#### 11.1.1 Syntax for explicit type quantifiers

Type variables in type declarations for polymorphic predicates or functions
are normally universally quantified.
However, it is also possible to existentially quantify such
type variables, by using an explicit existential quantifier of
the form ‘`some ``Vars`’ before the ‘`pred`’ or ‘`func`’
declaration, where `Vars` is a list of variables.

For example:

% Here the type variables `T' is existentially quantified
:- some [T] pred foo(T).
% Here the type variables `T1' and `T2' are existentially quantified.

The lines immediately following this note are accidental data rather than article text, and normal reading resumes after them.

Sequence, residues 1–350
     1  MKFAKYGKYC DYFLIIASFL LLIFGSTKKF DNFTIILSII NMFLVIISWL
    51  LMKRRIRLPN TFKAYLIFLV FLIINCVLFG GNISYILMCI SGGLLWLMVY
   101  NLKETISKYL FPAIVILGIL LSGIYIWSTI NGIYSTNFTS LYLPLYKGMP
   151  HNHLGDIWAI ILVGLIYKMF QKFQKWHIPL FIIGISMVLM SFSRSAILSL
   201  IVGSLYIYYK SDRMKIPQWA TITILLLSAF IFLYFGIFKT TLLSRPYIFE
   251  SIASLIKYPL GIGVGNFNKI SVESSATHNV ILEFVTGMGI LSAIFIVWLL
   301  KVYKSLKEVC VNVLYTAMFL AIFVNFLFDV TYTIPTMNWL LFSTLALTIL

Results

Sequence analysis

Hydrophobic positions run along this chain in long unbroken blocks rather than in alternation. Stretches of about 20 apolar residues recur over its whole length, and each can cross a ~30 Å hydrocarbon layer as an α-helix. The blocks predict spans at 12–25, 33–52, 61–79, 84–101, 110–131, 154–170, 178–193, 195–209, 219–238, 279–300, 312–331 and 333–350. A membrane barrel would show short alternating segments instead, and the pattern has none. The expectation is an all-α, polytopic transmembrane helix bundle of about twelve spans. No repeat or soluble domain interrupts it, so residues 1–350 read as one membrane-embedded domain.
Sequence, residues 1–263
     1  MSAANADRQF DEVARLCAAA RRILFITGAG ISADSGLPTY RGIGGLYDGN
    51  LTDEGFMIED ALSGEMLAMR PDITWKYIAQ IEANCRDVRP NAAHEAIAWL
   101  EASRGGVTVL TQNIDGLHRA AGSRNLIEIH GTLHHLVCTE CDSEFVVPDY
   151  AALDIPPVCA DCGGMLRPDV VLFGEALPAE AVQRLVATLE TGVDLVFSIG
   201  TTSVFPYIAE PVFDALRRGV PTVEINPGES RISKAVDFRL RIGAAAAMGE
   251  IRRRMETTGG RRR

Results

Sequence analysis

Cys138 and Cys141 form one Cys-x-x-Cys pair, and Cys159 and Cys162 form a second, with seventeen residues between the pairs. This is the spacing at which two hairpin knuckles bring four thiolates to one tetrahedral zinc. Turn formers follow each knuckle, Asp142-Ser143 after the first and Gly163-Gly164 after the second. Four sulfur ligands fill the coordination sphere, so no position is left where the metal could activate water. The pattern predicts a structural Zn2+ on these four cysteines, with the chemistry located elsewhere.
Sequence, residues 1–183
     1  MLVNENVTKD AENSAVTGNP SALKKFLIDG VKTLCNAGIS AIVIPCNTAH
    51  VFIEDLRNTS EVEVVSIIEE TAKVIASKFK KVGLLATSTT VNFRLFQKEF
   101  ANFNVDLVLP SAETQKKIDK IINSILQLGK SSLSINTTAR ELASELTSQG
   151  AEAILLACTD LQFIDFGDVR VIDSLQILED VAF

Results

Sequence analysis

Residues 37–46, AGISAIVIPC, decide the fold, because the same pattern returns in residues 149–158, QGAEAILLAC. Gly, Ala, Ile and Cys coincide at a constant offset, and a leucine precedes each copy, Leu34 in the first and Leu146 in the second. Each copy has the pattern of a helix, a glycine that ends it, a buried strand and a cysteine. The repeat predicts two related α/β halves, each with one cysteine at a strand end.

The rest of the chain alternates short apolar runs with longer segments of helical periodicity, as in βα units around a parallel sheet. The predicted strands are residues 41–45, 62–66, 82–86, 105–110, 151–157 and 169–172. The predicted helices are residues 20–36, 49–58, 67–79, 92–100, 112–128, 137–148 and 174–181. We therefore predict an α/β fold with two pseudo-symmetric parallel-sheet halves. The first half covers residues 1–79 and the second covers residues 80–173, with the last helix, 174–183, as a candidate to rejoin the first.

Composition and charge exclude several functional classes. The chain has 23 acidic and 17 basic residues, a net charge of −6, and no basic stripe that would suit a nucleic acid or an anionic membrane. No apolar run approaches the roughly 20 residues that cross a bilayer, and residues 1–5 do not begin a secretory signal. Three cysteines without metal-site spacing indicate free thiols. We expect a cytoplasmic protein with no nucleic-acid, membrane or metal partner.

:- some [T1, T2] func bar(int, list(T1), set(T2)) = pair(T1, T2).
% Here the type variable `T2' is existentially quantified,
% but the type variables `T1' and `T3' are universally quantified.
:- some [T2] pred foo(T1, T2, T3).

Explicit universal quantifiers, of the form ‘`all ``Vars`’,
are also permitted on ‘`pred`’ and ‘`func`’ declarations,
although they are not necessary, since universal quantification is
the default. (If both universal and existential quantifiers
are present, the universal quantifiers must precede the existential
quantifiers.) For example:

% Here the type variable `T2' is existentially quantified,
% but the type variables `T1' and `T3' are universally quantified.
:- all [T3] some [T2] pred foo(T1, T2, T3).